My PhD work is to create Wurdergirderdu in several different manners. In the first instance, there will be a prose poem, as linear as an escalator, bound on paper and to be read out loud, more or less in one straight go. It will be a panegyric to this creature, describing a protagonist’s walk through a sort of English landscape, a dream-place that I have been bricolaging in my head out of all those bytes of my home country that I have seen, imagined and interpolated over my years. The protagonist will be the voice of the poem, the voice of its reader, and it will describe the adventures and dioramas encountered in this England whilst accompanied by Wurdergirderdu. The narrative will describe Wurdergirderdu as weakened, failing, wounded; indeed, the protagonist has no choice, in my poem, but to carry the sprite on this regal tour of its own, symbolic body. Together they will see so much, meet so many and explore so much more; a structure that I am borrowing, in no small part, from the topographical poetry and morality narratives ofearly English writers such as Langland and Drayton.

I have not decided yet how this poem will end, but it will end, as long as it is read. Tu-TUM-tu-TUm-tu-TUM-tu-TUM-tu-TUM it will go, over a few hundred lines; events, proscribed characters, predetermined outcomes, and so a picture of this debilitated avatar emerges. And then it is done.

Of course, I would get in trouble if I only produced a few hundred lines of poetry in three years; especially with the Computer Science department at Bath, my co-supervisors. The bound work stands a double role, both as artefact and key, chronicle and instruction. It stands as the (very secure) password for, and instruction manual to, the much more complex and daunting half of my work, the half which I will need to learn how to make as I make it.

My plan is to create a direct simulation of Wurdergirderdu digitally, on-screen, as an interactive representation of the creature chiseled out in the poem. Most likely it will be developed for some sort of jerry-rigged mobile device, where I can make use of the dramatic sensors, data and mobility to create a sort of life, and a sort of intelligence, for the creature.

Through animation, it will move as it is described on the page; its injured eyes, its thick fur, its broken brow. It will communicate with you as an animal only can. Behind its eyes I am exploring the varied principles of artificial intelligence to produce something which may not be generally intelligent, but is at least narratively intelligent; something which is authored and then set free to act within its parameters, and perhaps surprise everybody with an authored illusion of sentience; this illusion, the idea of using the mind of the reader or player to fill in the gaps in my computation, is my Exciting New Idea, one which I will probably discover in a book from the 1980s and get very depressed about.

It will, using image recognition, recognise you (or mistake you) and the things you bring it; the leaves of England’s trees, and the seeds of England’s fruit growing or mulching upon its back. It will come to love you or hate you or perhaps something more interesting and unknowable, depending on how you treat it. It will listen, through ears like those of the deer that I saw tiptoeing through the dead leaves, to everything you have to say. Most of all, in its injury, it will love to listen to stories about itself.

The main strut of the interaction between these two half-works will be the reading of the written Wurdergirderdu to the writeable Wurdergirderdu; the reader reads aloud, as if to a child, and the creature on the screen, through microphones and some algorithmic work, marvels at its own story. Indeed, its reactions should reveal to you more about itself, and the bound, arrested world of the poem, than merely reading the poem alone. Of course, I hope to have the creature interact in more ways than this; computers have almost as many sensors as we do nowadays. There is no reason why Wurdergirderdu shouldn’t react to the time of day, the season, the station of the moon; to different temperatures, different touches on its multi-capacitative screen, orientation, location, creating in the nexus of these interactions a sort of ‘circadian AI’, a system for interpreting natural cycles. I may even stop the app functioning outside of England, its animus as of course it would, if you took the soul out of a place.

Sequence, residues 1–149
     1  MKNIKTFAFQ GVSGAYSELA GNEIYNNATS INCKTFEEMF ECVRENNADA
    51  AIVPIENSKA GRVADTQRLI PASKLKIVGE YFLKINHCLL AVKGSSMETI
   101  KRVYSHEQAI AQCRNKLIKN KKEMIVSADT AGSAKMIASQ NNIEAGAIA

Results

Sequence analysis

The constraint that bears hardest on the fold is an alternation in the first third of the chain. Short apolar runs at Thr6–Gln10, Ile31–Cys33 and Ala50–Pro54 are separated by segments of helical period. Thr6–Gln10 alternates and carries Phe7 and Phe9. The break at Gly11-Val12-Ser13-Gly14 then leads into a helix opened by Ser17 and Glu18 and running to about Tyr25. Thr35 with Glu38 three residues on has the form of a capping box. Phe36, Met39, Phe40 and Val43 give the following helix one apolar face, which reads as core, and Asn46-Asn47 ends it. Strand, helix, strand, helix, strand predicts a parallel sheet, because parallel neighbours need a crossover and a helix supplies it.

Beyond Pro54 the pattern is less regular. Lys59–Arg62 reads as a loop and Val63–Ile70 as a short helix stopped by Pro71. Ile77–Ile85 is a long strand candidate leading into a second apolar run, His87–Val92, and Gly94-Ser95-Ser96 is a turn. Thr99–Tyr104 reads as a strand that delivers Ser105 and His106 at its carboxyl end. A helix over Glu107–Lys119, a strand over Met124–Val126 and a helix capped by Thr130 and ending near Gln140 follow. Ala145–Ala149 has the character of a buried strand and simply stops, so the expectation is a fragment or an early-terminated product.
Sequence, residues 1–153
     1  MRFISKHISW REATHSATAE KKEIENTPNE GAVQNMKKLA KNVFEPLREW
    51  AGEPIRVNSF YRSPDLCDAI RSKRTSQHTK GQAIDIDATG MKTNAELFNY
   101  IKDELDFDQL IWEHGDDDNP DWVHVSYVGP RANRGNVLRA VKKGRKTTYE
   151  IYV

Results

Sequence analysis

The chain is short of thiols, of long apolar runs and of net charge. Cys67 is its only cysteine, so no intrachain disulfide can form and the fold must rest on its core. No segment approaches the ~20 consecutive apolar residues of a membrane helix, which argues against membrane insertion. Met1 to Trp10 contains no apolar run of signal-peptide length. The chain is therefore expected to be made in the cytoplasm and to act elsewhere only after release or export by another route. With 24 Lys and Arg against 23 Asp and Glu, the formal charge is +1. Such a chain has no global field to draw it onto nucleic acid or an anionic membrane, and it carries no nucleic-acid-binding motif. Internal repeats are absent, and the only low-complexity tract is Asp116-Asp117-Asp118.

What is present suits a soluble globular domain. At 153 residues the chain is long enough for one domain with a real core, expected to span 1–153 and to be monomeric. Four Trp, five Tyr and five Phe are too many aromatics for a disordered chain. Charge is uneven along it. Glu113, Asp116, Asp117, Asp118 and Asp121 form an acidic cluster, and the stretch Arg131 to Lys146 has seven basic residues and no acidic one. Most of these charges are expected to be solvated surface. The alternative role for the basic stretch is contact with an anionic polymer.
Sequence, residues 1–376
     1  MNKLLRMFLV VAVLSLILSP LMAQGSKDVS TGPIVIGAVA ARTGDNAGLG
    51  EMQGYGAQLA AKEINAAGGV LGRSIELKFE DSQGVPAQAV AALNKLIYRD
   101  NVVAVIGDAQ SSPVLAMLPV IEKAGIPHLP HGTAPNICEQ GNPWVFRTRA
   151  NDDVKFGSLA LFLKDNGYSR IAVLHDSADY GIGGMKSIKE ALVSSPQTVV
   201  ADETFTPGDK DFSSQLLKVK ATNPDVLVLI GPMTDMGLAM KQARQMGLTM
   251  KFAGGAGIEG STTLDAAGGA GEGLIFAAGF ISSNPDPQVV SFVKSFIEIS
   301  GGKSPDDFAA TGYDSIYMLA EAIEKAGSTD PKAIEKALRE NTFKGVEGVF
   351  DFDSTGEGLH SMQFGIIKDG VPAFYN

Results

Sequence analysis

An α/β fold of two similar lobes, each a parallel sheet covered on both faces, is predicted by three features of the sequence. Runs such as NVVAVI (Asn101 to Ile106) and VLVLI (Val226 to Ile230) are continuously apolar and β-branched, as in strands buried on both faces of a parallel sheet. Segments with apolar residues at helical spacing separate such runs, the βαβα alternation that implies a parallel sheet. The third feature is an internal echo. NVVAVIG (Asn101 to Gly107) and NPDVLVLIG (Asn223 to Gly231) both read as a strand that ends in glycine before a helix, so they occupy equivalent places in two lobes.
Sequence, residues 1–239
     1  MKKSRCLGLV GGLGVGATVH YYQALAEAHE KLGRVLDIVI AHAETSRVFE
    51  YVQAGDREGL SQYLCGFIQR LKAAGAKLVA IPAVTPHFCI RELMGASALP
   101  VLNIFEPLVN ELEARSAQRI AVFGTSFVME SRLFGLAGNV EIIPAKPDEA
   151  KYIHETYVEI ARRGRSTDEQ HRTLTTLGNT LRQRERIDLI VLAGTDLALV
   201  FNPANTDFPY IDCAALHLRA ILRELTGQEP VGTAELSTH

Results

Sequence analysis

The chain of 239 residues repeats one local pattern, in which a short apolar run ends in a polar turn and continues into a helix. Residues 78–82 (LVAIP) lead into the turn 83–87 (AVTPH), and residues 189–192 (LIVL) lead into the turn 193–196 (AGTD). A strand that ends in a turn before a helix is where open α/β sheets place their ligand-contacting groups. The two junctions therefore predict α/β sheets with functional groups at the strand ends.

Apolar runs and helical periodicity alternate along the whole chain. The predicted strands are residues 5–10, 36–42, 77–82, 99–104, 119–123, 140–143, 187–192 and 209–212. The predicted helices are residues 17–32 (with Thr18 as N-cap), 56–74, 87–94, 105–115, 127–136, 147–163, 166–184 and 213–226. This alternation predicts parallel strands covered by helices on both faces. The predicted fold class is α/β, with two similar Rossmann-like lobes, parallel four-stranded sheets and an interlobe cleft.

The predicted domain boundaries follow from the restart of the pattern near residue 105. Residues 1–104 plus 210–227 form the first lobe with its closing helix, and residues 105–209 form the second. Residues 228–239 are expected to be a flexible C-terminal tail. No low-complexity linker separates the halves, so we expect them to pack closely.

This is all very loose, necessarily, here at the start of the project, and I’m speaking in quite grandiloquent terms; I’m hoping to break the project down into more manageable chunks and blog about them weekly in a far more workaday language than the above. If you want to follow along, they will all be tagged #knole.

I really am sorry about all the wiffle. I’m an academic now, so it’s to be expected in the first few weeks; it will work its way out of my system, like karstwater, soon enough.

Some other links that will become more interesting in time:

  • The project GitHub, where I will be posting a version-controlled evolution of the digital parts of my work. I’ll be becoming interested in collaboration, bug fixes, suggestions, branching and forkings very soon.

  • My open bibliography for the project, which will form the basis of my final contextualising essay.


And for those of you who are wondering what is happening with my other projects:

  • The Black Crown Project – That link is still dead. I still have no time or money to focus on redeveloping it, though I do have some of the ability; a stark contrast to when the project was originally created, and I could barely fill in a form field or use an HTML tag. The publishers (Random House UK) have very kindly reverted the rights back to me, though the archives of assets still rest with Failbetter Games. Those first need to be retrieved, and sorted, and a new framework developed, and content rewritten to shake off the last scraps of the game’s FTP economy. It is a large and messy job, and the chance of it being done any time soon are vanishingly small. I am going to stand very tall, close my eyes, wag a finger, purse my lips, and tell you all that it will be done.

  • On My Wife’s Back – This project, originally started with the British Library, was always going to be an oozer; spreading out slowly in all directions, getting everything sticky as it went; it seems that I specialise in grubby work. I’m hoping to digitise what I have written of Scinbank’s diary by the end of the year, and there are regular updates on my research map and blog. We’ll even be recording some old, new and invented shanties at the Library in December, as an early Christmas present. Anything new tends to appear on the blog first, and it’s best to always start there.


I’m setting up a mailing list at the moment (to occupy the currently-impotent ‘Volucracy’ button in the top menubar of this blog) which will hopefully curb my tendency to keep everything to myself and fill, those of you who want it, in, from time to time.